La. sweet potato harvest slowed by rain

Richard Bogren, Smith, Tara  |  10/6/2009 11:44:12 PM

News Release Distributed 10/06/09

Heavy rains since mid-September have severely delayed sweet potato harvest in some northern Louisiana parishes, according to the LSU AgCenter.

“Some production areas have had from 7 to 20 inches of rain,” said Dr. Tara Smith, LSU AgCenter sweet potato specialist and research coordinator at the LSU AgCenter’s Sweet Potato Research Station in Chase, La. “We know we’ll see some losses in low-lying areas of some fields.”

Smith said sweet potato harvest has been delayed by a couple of weeks in some areas, and harvest statewide is about 35-40 percent completed, compared with 50-60 percent completion at this time in a typical year.

Although rain itself isn’t a problem, “prolonged wet conditions can cause roots to break down and affect yields,” the sweet potato expert said.

“Where we haven’t had much rain, average yields are good, but not a bumper crop,” Smith said, adding that yields are running between 350 and 500 bushels per acre.

“South Louisiana was dry for much of the production season, but producers are harvesting a good crop,” Smith said. “Producers are pleased.”

A new sweet potato variety, Evangeline, was released by the LSU AgCenter in 2007, and this is the second season producers have planted it.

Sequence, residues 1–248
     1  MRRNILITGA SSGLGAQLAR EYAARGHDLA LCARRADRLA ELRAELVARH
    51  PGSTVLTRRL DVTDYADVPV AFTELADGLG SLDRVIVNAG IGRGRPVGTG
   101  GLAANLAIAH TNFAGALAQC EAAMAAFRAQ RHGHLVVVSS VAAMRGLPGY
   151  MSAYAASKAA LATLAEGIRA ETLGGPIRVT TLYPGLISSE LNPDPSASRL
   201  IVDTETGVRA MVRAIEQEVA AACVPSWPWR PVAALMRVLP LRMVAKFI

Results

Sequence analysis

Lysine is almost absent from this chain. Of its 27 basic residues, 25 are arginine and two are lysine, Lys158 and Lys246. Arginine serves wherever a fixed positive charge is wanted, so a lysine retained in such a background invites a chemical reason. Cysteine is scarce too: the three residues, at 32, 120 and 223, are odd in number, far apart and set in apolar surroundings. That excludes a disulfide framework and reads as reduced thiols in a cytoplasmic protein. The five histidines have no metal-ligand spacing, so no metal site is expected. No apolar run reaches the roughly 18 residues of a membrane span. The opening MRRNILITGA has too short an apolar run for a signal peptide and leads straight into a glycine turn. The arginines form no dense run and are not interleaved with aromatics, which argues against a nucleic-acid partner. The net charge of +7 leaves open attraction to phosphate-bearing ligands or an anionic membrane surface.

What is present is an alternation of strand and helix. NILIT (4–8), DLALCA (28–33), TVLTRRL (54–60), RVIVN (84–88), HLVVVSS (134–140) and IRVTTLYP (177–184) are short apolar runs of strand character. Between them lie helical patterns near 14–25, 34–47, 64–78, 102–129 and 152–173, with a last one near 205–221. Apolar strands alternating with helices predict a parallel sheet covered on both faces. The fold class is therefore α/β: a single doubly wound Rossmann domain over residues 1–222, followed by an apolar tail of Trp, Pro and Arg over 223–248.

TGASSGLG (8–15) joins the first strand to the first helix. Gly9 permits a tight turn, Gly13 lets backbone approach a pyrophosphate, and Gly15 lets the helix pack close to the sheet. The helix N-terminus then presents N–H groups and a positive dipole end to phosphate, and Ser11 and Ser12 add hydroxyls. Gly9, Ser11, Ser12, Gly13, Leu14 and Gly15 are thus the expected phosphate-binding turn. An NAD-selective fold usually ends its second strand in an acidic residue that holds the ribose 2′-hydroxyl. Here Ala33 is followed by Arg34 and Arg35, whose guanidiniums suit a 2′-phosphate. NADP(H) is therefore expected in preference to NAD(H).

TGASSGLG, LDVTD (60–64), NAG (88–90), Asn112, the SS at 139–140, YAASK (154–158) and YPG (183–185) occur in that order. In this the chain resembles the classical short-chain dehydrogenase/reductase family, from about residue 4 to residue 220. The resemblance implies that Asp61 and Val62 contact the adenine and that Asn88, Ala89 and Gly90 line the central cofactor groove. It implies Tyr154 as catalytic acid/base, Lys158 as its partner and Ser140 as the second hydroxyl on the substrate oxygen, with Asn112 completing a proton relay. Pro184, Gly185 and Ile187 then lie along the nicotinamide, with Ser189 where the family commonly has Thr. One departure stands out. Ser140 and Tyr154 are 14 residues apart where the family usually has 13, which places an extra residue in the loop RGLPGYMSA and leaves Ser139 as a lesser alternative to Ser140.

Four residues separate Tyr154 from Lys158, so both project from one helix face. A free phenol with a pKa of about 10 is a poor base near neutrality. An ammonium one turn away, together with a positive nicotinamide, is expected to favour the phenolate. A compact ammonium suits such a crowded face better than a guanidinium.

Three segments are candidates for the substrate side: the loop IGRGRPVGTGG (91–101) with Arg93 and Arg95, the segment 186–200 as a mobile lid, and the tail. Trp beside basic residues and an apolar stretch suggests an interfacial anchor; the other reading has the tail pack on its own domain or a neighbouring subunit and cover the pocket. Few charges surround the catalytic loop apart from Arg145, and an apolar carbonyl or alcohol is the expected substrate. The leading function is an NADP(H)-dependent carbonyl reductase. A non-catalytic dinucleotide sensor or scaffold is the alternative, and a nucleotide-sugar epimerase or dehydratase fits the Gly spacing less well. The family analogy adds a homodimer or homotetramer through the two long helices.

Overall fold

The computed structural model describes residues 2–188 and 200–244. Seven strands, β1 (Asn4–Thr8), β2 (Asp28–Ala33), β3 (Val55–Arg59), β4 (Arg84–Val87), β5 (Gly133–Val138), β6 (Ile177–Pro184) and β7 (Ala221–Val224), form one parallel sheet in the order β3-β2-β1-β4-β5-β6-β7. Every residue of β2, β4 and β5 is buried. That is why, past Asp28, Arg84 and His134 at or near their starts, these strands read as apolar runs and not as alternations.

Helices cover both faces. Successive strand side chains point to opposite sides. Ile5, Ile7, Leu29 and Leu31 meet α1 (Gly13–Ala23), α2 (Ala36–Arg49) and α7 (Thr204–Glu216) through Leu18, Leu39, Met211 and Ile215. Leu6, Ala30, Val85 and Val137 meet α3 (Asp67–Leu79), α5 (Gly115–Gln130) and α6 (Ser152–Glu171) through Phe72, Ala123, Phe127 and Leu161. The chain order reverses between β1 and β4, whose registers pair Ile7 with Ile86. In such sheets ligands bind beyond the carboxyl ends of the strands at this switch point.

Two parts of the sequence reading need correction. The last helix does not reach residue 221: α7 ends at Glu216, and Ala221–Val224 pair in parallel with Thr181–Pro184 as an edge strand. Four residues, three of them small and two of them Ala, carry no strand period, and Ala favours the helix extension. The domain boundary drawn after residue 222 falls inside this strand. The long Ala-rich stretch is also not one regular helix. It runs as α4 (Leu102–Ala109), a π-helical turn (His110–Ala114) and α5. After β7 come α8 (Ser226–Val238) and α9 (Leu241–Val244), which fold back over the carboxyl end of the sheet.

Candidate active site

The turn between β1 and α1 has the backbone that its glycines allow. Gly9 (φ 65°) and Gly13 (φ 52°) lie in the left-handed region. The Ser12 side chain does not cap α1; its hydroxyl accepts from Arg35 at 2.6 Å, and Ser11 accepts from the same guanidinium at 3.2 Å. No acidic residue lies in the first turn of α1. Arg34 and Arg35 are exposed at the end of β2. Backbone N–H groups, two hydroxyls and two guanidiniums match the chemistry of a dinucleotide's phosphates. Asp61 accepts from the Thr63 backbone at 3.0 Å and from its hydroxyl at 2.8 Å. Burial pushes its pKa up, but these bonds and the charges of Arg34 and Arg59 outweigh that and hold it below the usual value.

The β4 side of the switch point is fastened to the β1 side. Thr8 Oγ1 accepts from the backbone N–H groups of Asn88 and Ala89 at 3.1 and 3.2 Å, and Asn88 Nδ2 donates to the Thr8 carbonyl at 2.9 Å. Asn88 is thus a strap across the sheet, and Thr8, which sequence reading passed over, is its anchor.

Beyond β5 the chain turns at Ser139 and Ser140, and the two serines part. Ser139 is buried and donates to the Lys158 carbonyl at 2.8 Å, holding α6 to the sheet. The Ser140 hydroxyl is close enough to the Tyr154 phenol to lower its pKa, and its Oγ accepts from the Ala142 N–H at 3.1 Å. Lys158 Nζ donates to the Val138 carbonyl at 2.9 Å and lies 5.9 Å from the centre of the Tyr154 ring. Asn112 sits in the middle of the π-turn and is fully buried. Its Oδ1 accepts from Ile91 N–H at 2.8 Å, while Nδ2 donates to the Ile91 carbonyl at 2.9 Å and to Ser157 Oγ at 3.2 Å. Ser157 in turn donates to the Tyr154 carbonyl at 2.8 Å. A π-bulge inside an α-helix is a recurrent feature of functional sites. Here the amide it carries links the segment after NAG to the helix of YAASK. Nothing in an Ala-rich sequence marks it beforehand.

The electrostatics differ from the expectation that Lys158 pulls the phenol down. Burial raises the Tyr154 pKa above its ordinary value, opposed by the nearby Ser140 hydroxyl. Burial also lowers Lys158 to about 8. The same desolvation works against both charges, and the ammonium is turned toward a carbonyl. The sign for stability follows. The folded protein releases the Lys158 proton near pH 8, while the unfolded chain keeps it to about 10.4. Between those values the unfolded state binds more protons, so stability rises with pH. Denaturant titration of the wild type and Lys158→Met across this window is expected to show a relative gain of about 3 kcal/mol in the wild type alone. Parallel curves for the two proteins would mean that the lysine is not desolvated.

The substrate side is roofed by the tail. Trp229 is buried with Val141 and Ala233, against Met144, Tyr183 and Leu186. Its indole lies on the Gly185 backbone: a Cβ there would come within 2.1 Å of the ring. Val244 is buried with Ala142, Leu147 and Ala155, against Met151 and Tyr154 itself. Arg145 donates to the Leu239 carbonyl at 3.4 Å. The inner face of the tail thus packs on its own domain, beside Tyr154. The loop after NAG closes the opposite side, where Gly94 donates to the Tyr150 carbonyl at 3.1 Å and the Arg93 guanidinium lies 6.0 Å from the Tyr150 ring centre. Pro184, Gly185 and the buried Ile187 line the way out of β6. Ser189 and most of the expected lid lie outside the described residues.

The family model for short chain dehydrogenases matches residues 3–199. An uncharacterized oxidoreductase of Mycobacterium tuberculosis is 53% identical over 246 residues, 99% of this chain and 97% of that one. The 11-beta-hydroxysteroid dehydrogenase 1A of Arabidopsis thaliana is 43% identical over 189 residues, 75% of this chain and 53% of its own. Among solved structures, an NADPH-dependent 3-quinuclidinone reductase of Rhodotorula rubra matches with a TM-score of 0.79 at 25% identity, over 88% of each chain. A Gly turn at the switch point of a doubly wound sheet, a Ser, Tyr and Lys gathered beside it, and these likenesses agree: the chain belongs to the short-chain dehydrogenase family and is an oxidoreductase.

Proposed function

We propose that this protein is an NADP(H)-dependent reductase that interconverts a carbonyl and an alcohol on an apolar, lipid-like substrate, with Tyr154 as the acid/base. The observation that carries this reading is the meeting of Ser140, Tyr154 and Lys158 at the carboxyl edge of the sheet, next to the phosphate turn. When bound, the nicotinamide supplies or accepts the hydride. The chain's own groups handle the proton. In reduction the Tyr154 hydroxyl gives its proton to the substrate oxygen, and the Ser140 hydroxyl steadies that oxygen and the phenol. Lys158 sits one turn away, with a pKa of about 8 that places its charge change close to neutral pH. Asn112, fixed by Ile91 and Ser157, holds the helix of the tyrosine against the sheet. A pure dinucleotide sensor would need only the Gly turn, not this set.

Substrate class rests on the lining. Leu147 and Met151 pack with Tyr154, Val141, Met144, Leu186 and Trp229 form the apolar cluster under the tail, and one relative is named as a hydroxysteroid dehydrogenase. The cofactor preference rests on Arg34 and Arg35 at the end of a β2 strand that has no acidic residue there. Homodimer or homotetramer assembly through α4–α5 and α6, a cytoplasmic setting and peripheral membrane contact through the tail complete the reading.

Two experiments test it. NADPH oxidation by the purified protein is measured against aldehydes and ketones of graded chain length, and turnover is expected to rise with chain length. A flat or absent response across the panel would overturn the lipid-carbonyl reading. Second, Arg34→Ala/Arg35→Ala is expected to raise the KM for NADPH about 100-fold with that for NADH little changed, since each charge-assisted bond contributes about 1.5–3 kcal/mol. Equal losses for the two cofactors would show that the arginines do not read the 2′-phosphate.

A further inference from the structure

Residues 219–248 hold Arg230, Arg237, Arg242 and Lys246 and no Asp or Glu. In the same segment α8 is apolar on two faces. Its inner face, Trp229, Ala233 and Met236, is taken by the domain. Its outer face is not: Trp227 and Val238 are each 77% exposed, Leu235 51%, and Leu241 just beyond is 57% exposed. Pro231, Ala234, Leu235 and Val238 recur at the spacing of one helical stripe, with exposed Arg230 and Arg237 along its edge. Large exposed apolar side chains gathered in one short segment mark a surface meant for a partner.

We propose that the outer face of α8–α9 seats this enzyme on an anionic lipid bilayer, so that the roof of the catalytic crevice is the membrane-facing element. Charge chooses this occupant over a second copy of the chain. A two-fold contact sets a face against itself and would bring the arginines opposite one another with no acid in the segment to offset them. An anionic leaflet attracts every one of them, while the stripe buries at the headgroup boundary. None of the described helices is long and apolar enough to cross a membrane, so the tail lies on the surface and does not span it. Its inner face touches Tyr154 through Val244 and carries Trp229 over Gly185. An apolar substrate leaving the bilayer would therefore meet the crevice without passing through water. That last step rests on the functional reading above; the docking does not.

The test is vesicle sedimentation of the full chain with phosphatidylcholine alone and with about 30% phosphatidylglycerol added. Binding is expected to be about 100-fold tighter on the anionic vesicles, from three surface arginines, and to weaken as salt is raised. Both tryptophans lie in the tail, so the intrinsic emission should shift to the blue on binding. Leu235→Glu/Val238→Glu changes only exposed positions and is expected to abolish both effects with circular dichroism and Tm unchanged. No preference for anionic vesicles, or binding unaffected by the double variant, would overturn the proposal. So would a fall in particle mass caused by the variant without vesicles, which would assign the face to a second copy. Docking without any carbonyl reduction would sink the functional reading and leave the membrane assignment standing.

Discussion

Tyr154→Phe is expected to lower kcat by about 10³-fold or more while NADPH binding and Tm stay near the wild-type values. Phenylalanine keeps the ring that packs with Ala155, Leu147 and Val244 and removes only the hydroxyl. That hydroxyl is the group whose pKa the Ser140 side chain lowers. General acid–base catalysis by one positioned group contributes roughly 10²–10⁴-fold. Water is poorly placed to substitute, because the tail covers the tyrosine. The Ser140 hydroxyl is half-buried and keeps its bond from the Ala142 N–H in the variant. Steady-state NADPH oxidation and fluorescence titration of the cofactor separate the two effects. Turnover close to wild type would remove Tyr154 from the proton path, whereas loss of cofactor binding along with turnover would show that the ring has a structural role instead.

“Evangeline performed well,” Smith said. “It held up better than other varieties last year and seems to be performing well this year. Yields and quality are good.”

She said producers plan to plant even more acreage to Evangeline next year.

The U.S. Department of Agriculture estimates 2009 Louisiana sweet potato acreage at 15,000 acres.

In 2008, Louisiana sweet potato growers received more than $27 million in gross farm value compared with $65 million in 2007, a more typical year devoid of hurricanes, according to the LSU AgCenter’s annual Ag Summary.

Rick Bogren

Rate This Article:

Have a question or comment about the information on this page?

Innovate . Educate . Improve Lives

The LSU AgCenter and the LSU College of Agriculture